Hysteria during the 19th century was considered to be a serious disablement, mainly in women, due to hormonal attributes that could run genetically through families, as portrayed in Zola's novels regarding members of the same family's degenerational characters. Whereas Zola would portray Nana's degeneration into hysteria, Bennett took the Freudian stance in his novels, of hysteria brought on by a traumatic incident, in the form of declension instead. Sinclair, Joyce, Lawrence and Mansfield all use this basis for their stories of declension.
Chapter 9 - Frontiers
In opposition to realism came romance and during our modern era of writing romance had new territories, that of empire. Anxieties about society and degeneration were explored in naturalist novels, anxieties about the decline of Empire were explored in romance. Imperialism was having to reassert itself amongst so much competition from other countries wanting the same resources. This regeneration was the source of a lot of reproduction in our culture.
Studies on colonization have revealed that far from moving the colonizers identity abroad, as was often the intention, the reality was a new identity formed out of survival in the colonies and adapting to the new conditions. Renewal or regeneration of identity was also seen as a threat, reinforcing the conviction of the West in decline. Colonial experience however, was to provide writers with fascinating new angles and comparisons to use in their work, even for an anti-Imperialist writer like Henry James.
America had already embraced the regeneration of individual and collective identity with its own frontier myths. In 1893 Frederick Jackson Turner read his paper to the American Historical Association, stating that 'American social development has been continually beginning over again on the frontier. This perennial rebirth, this fluidity of American life, this expansion westward with its new opportunities, its continuous touch with the simplicity of primitive society, furnish the forces dominating American character.' (p145). As the Americans have had to readapt to the new conditions of the perpetually moving frontier, so must Europeans adapt to influences as they march across continents with their own frontiers. However, the British novels, unlike the American writing, illustrate the process of renewal, strength out of weakness. This renewal can be emotional as well as political.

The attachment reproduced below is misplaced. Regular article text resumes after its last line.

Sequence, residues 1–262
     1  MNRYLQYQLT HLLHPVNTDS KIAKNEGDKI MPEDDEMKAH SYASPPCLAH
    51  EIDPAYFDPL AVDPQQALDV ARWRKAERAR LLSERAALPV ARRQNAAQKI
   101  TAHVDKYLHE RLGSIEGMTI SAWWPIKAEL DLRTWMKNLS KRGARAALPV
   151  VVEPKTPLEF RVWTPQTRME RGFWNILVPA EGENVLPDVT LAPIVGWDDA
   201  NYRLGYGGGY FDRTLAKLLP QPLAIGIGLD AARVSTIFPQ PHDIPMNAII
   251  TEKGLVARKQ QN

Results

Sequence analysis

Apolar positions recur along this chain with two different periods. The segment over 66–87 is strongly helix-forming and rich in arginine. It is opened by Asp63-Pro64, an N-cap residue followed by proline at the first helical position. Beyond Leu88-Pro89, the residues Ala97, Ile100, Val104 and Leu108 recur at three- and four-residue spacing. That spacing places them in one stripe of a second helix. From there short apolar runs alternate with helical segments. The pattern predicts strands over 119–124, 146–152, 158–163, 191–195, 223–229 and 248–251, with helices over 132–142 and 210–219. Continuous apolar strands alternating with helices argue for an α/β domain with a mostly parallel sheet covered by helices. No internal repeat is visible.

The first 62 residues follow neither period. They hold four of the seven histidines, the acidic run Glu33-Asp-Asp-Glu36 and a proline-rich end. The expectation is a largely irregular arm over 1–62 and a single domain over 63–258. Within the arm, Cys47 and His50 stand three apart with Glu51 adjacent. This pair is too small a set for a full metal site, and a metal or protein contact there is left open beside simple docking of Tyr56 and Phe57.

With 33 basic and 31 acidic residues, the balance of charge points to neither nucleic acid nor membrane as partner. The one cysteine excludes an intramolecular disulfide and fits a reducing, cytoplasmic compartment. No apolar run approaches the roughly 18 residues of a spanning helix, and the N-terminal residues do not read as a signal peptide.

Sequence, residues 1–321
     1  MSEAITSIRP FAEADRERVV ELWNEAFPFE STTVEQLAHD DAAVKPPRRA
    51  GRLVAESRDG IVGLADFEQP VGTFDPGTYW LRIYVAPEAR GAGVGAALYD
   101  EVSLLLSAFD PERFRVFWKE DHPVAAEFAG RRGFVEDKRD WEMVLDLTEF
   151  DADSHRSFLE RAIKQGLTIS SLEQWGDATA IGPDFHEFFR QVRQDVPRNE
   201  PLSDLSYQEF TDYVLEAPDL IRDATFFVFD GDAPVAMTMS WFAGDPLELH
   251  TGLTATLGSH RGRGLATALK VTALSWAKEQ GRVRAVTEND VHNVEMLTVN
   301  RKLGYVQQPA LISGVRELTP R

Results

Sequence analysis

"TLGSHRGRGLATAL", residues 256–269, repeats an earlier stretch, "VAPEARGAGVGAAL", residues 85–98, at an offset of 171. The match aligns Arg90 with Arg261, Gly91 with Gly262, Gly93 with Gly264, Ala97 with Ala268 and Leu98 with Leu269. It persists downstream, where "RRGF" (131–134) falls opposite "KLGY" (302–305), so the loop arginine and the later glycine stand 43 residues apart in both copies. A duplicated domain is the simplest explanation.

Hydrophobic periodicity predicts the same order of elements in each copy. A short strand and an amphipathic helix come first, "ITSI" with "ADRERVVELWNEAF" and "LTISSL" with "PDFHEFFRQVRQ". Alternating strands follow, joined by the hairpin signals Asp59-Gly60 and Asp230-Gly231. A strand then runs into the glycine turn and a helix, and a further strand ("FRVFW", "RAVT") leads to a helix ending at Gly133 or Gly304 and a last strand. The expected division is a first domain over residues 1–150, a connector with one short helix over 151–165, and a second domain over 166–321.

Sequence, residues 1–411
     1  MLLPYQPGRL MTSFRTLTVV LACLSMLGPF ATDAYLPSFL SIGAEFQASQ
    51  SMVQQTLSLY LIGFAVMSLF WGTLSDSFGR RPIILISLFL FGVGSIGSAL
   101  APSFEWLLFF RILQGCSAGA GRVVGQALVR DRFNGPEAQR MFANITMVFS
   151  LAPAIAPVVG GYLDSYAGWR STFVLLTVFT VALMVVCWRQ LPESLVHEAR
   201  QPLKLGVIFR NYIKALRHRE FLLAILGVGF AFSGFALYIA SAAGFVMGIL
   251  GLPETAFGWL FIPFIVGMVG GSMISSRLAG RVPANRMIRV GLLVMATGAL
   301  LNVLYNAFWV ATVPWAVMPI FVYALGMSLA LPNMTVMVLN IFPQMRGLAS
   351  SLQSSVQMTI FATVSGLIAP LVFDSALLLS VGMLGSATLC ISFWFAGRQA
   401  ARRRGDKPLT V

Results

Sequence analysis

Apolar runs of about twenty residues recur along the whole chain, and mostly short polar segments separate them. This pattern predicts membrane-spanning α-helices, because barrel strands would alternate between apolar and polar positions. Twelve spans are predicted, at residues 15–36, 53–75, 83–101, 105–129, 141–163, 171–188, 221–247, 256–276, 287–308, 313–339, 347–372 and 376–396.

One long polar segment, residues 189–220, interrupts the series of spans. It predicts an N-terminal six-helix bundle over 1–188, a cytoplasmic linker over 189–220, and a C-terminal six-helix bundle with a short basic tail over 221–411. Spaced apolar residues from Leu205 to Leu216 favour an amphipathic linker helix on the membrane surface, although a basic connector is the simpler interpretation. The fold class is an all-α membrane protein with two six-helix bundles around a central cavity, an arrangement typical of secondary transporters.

Writers were now taking their characters, exhausted and purposeless, who would have descended into degeneration, to new territories where they can find new identities through emotional and political commitment. The only way to complicate this narrative was to mix up the two in one novel, as A.E.W. Mason did in The Four Feathers.
Contemporary works that illustrate the above points include...
Howards End by E M Forster
Clayhanger and Hilda Lessways by Arnold Bennett
Nana by Emile Zola
Kim by Rudyard Kipling
The Half Hearted by John Buchan
The Great Amulet by Maud Diver
The Tragedy of Korosko by Arthur Conan Doyle
The Prisoner of Zenda by Anthony Hope
The Four Feathers by A E W Mason
Look out for the next two chapters from this fascinating book in a post next month.